In certain African countries, observers of a drone overhead would be advised to seek cover.
In recent years, the US has vigorously used drones against al-Qaida affiliated groups on the continent, and operates drone bases in some five African countries. However, in parts of Rwanda and Malawi, the buzz of an approaching drone now signals something rather different: the arrival of vital medical supplies.
On 29th June 2017, to the wonderment of local children who congregated nearby, the Malawian government and UNICEF officially launched a drone corridor to trial the use of unmanned aerial vehicles (UAVs) for development and aid missions. It is Africa’s first drone corridor, and the first in the world developed specifically to address humanitarian challenges.
“Whenever we flew the drones, hundreds of people would come to watch. They felt they were at the forefront of a new technological innovation,” said Michael Scheibenreif, drone corridor lead at UNICEF Malawi.
With their harsh drone regulations and understandable scepticism, most African countries have been missing out on this growing industry, expected to reach $6bn globally by the end of 2017. The Malawi drone corridor reflects changing attitudes on the continent towards UAVs.
The project will run for at least a year. Thus far, 12 companies, NGOs and universities have applied to fly test missions in the corridor, which covers an area of 5,000km2 and contains 301 schools and 486 health service points.
Tests will explore using UAVs for imaging during disasters, connectivity in problematic terrain and transportation of medical supplies and vaccines. “We believe that this technology will transform healthcare, putting anyone within reach of the medicine they need,” said a spokesperson from robotics company Zipline.
UcanDrone, a Greek firm, is using the corridor to test a single UAV that can transport supplies, perform surveying missions and provide internet access. Swedish company GLOBHE, in collaboration with IBM, is testing drones with artificial intelligence to act as early warning systems in emergencies.
“It will be an interesting testing period over the next few months, but we are quite positive in terms of the opportunities this will create in Malawi and beyond,” said Helena Samsioe, CEO of GLOBHE.
Drones can perform vital services in the absence of transportation networks or on tricky terrain. “One of the problems that plagues sub-Saharan Africa is infrastructure,” said Christopher Fabian of UNICEF Ventures.
“Drones give you the ability to leapfrog over the process of building infrastructure.” This is particularly important during earthquakes or floods, when roads can swiftly become rivers. The corridor emerged from a 2016 pilot project in Malawi, where drones replaced cars, motorbikes and donkeys in the transportation of blood samples for early infant HIV diagnosis.
Average transport time was reduced from eight days to 120 minutes. When floods subsequently inundated the towns of Salima, Karonga and Lilongwe, the capital, between February and April of this year, drones were deployed to provide aerial footage.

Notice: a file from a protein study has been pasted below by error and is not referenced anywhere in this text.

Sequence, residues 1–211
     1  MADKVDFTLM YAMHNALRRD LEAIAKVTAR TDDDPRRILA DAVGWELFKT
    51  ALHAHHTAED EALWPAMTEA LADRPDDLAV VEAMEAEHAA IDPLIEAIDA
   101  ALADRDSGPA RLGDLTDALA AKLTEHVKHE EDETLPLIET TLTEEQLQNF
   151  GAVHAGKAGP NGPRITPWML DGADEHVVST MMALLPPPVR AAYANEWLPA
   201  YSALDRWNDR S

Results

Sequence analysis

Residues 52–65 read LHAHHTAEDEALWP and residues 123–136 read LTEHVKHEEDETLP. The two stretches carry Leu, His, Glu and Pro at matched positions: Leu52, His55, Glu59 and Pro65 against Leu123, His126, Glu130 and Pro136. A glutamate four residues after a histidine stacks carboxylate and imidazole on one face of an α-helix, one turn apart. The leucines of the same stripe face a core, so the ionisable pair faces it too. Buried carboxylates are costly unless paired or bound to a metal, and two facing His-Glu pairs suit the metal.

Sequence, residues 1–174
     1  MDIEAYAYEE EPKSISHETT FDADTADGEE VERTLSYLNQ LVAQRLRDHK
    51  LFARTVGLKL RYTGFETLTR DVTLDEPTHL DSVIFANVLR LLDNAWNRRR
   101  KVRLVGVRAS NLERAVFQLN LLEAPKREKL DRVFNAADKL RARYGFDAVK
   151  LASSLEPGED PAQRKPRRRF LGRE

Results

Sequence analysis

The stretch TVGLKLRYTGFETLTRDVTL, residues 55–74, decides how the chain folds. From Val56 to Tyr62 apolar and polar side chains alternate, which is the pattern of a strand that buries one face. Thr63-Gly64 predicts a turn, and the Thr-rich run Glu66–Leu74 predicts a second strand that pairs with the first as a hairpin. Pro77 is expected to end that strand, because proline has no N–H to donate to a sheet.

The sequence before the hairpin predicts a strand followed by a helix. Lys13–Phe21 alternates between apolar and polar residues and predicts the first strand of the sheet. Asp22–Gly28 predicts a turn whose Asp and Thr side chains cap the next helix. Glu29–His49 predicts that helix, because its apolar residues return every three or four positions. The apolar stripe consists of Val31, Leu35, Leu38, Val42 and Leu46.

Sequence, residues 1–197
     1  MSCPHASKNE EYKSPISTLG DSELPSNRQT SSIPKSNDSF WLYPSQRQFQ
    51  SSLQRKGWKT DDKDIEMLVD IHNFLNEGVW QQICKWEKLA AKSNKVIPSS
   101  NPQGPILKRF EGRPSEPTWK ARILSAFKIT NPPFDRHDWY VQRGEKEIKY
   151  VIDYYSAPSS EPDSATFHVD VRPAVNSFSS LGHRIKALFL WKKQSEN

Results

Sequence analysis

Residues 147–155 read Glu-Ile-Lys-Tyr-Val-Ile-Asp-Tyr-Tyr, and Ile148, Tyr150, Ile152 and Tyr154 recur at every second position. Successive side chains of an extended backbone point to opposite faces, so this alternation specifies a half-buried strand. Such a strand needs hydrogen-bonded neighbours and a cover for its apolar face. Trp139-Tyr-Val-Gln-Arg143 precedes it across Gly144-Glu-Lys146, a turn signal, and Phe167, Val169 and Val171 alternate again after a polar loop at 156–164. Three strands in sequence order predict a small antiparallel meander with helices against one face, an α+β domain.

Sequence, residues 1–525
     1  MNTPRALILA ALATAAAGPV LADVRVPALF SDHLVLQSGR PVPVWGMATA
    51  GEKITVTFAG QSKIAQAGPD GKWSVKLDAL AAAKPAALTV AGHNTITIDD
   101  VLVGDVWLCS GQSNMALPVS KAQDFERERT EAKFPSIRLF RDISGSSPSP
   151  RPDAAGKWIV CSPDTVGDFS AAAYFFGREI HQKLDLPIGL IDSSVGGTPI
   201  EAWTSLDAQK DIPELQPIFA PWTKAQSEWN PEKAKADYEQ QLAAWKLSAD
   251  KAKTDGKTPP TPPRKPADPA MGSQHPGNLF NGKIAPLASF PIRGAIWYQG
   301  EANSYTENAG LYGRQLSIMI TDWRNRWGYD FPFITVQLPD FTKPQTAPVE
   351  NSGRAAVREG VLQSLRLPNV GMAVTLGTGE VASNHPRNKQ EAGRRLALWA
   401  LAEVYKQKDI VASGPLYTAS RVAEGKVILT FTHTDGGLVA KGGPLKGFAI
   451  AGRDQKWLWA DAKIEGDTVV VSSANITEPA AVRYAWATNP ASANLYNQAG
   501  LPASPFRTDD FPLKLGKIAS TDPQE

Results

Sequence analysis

The Malawi drone corridor challenges recent scepticism towards UAVs from governments across Africa. Some four years ago a plan to supplement postal services with drones in infrastructure-poor northern Kenya floundered when the government expressed security concerns.
Entrepreneurs elsewhere are hamstrung by draconian UAV laws. In Ghana, pilots of unregistered drones can face up to 30 years in prison. In Nigeria, drone operators require permits from both the Nigerian Civil Aviation Authority and the National Security Advisor; at up to $4,000, they are prohibitively expensive.
South Africa’s UAV regulations are among the world’s most stringent. Getting a 24-month commercial license costs thousands and requires proficiency in English, a medical examination and two tests. Rulebreakers can be jailed.
Those associated with the corridor hope governments in Africa and beyond will follow its example. “Hopefully the drone corridor will change the perception of drones. They are not only killing machines; there is a huge potential to do something useful with them,” said Scheibenreif.
“The idea is to prove out a utility and a space where this works in Malawi,” said Fabian, allowing other countries to bypass the testing phase and implement the technology directly. Six countries have already approached UNICEF expressing interest in the technology, said Fabian, two of which are in sub-Saharan Africa.
Rwanda already boasts a national daily delivery operation, run by Zipline. Since its launch in October 2016 by President Paul Kagame, it has made over 1,000 flights, transporting blood to 21 hospitals nationwide.
“We’ve seen continued innovation in Rwanda, Tanzania and some other countries on the continent on the regulatory front. These moves have been positive, welcome and I think just the start of a growing trend,” said the Zipline spokesperson, who expects the firm to expand across the continent. Mauritius, too, has made strides in research into humanitarian UAV technology.
In the long term, Africa’s UAV industry could offer impressive investment and employment opportunities. UNICEF is using its $11.2m venture capital fund to endow emerging actors in Africa’s drone community. “We are actively pursuing investments in early-stage tech companies coming out of sub-Saharan Africa,” said Fabian.
The cost of addressing Africa’s infrastructure deficit is estimated to be $90bn a year for the next decade. Drones can deliver vital services, thereby alleviating humanitarian challenges in the absence of physical infrastructure.
“The potential for drones in the humanitarian space is massive,” said James Scanlan, a University of Southampton professor. “The technology is there; it’s just a question of doing it.”